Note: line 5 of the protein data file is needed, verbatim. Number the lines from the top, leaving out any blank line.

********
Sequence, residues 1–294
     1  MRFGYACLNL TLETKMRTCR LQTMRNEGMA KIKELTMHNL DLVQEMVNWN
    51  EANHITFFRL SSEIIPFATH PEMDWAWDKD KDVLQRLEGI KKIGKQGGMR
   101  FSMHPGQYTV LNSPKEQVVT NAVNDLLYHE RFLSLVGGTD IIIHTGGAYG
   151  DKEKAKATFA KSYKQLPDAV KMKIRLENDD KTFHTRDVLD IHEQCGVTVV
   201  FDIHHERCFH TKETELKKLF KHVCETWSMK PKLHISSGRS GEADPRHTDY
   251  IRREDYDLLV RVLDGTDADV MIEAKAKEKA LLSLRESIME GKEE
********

   151  DKEKAKATFA KSYKQLPDAV KMKIRLENDD KTFHTRDVLD IHEQCGVTVV